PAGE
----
Thursday, January 25, 2018

TMP Television Edition: Book to TV Adaptations


It's the final Thursday of the month of January, 2018. That means Thursday Movie Picks goes small. By small, I mean we're talking TV. More specifically, the topic chosen by our wonderful host, Wanderer at Wandering Through the Shelves, is Book to TV Adaptations. Rather than digging around to figure out which of my favorite shows were born on a bookshelf, I went with all mini-series. I even thought about making this post a mini-series. I wasn't sure how I was going to do that...and I ran out of time, so we're stuck with my one normal post. Alrighty then, let's get to it.

Roots
(1977)
When people make their lists American literary giants, the name Alex Haley often gets left out. However, he has penned some of the 20th century's most important work. As a journalist, he conducted the first interview in the history of Playboy magazine and was responsible for a number its very best interviews. They really were afforded more discussion than the pictures of naked or near-naked women adorning the magazine's surrounding pages. He was the writer who took the words of a fiery civil rights leader and crafted them into The Autobiography of Malcolm X. However, his crowning achievement will forever be the Pulitzer Prize winning historical novel Roots, based on the history of his own family. When the miniseries aired in 1977, it shook America to its core. For the first time, the medium of television was used to bring the country face-to-face with its biggest demon - slavery.


Roots: The Next Generation
(1979)
Two years after Roots, came this sequel miniseries. It continues chronicling Haley's family, including, and concluding with, Haley himself. America was still reeling from the blow struck by the original. Matters of race and the nation's complicated history dealing with race were still hot topics. As if to remind us all that the struggle isn't over, here came this tale about a family that is uniquely American. Though not quite as impactful as its predecessor, it still has plenty to teach us.


Alex Haley's Queen
(1993)
Roots and Roots: The Next Generation look at slavery, in particular, and race as a whole from a male point of view. Queen, looks at things from the female perspective. It's based on the life of his grandmother Queen Jackson Haley. However, the gender of its vantage point was not the only thing Queen had to offer. It also took the tragic mulatto trope head on as Queen was born of a black woman who was a slave and her white owner. Like Roots, this  one encompasses many generations as it offers a broad scope of the African-American experience.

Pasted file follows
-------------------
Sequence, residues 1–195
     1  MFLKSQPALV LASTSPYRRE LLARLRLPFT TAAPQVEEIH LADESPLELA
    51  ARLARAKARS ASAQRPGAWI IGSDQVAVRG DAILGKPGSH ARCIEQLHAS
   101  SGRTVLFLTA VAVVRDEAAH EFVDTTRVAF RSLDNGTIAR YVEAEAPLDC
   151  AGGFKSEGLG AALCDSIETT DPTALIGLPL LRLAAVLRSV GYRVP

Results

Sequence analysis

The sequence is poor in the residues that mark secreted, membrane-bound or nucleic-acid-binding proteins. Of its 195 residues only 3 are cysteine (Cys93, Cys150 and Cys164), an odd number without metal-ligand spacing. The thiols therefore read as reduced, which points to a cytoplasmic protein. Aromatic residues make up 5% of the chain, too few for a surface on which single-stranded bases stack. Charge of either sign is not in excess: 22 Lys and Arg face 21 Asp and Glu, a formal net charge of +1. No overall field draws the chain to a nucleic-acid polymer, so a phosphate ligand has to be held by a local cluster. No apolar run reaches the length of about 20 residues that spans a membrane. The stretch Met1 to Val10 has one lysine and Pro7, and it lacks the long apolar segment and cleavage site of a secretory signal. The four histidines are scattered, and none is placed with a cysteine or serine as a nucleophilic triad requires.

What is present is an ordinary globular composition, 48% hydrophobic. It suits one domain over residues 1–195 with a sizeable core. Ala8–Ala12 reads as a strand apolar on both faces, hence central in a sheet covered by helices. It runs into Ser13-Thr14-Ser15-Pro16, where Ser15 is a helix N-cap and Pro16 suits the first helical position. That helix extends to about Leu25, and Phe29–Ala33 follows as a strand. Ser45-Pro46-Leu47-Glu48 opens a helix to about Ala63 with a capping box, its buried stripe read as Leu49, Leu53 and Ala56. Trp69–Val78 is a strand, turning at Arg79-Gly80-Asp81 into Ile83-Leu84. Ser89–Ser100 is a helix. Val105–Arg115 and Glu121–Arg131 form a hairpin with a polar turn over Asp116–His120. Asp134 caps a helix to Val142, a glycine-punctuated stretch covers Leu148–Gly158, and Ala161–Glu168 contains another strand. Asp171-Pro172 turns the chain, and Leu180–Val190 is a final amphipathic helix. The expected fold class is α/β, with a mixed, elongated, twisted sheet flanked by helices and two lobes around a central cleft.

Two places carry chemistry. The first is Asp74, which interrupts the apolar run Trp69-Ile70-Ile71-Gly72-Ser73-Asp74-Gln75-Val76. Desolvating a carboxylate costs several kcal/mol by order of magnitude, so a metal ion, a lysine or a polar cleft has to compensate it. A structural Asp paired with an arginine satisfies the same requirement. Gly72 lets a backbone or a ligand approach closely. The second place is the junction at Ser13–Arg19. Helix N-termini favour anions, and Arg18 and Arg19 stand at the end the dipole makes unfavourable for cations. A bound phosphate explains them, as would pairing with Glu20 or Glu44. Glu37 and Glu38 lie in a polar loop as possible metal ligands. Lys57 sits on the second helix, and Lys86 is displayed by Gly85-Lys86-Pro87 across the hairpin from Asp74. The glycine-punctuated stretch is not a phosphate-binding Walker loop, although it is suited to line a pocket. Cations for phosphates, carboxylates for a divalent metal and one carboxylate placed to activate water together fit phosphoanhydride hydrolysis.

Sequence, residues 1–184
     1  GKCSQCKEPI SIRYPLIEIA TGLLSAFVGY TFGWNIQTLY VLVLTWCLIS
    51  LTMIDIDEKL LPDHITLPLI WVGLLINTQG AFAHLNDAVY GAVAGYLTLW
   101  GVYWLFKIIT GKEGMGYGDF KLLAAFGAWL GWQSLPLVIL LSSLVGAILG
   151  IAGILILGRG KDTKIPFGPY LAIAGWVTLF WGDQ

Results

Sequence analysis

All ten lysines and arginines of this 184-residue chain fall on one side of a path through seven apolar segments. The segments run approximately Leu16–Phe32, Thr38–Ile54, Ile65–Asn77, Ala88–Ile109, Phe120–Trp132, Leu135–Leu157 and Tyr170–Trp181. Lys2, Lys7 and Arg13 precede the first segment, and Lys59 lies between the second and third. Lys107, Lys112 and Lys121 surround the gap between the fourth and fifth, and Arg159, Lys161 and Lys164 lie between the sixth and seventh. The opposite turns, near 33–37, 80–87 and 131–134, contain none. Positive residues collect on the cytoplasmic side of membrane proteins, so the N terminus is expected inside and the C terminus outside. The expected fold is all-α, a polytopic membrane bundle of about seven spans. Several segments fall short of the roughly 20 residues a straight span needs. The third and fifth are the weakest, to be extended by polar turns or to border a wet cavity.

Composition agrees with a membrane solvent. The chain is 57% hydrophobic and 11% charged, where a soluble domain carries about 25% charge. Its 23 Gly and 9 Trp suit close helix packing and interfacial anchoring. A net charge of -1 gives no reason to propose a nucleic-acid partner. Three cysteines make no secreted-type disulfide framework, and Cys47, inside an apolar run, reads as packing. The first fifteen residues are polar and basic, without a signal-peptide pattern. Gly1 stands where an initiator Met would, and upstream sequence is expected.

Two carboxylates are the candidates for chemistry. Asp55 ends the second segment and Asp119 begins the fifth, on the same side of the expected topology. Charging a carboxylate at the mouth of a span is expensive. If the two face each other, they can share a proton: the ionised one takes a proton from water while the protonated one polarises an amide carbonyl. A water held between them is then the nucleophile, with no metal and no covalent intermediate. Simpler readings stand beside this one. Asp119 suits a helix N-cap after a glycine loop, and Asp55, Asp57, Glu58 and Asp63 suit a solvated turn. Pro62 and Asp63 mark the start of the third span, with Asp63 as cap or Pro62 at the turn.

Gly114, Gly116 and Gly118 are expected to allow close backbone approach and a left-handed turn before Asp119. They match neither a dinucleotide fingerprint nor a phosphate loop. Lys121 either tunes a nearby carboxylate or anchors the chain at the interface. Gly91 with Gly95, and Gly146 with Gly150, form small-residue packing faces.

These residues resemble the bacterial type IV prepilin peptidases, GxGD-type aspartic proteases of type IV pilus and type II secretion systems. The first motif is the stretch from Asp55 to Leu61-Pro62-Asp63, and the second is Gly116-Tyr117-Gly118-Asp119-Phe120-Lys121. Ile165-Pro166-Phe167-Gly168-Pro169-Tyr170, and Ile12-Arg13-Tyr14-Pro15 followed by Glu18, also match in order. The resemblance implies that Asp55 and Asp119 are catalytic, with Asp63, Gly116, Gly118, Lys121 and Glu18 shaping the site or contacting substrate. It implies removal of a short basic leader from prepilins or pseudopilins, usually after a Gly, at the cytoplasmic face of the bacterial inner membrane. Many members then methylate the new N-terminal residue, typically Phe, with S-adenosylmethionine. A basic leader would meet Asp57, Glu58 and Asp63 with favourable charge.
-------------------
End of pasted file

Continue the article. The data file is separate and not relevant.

22 comments:

  1. I've seen bits of Roots and yeah, that was intense. Mike Brady as a slave owner. Wow....

    ReplyDelete
    Replies
    1. Roots has lots of faces in roles you wouldn't expect.

      Delete
  2. I never realized Roots had a sequel. We watched that in my History class in Jr. High, that one sticks with you.

    ReplyDelete
    Replies
    1. The Next Generation is definitely the tamer of the two, but still excellent and important.

      Delete
  3. I remember watching Roots, mostly at the behest of one of my sisters. I was 9 or 10 when Roots was broadcast, and it made a pretty significant impact on me. Honestly, I'm not sure how it couldn't have.

    ReplyDelete
    Replies
    1. I saw it for the first time at about that age, myself. That was a lot to process. And I had to process it because each night's entry was actually homework. Hard to fathom that, now.

      Delete
  4. One of my big regrets as far as TV viewing goes is that I've never gotten around to seeing Roots. I remember when it was broadcast and I just didn't have the time at that particular period to follow it and I've toyed with working my way through since but it's such a significant chunk to commit to. One of these days though....same goes for Holocaust another one I missed.

    So obviously I haven't seen your second but I did watch Queen and thought it was good, it would have been better had Angela Bassett or Lynn Whitfield played the lead frankly but Halle Berry got the job done.

    I also went the mini-series route all adaptations of books that I loved, the first is my all time favorite book, that had versions that turned out well. Nothing is worse than to see a book you loved destroyed by a bad alteration (Pillars of the Earth comes to mind-brilliant book-vomitous miniseries. I get mad just thinking about it!!!) Well on to happier things here's my three.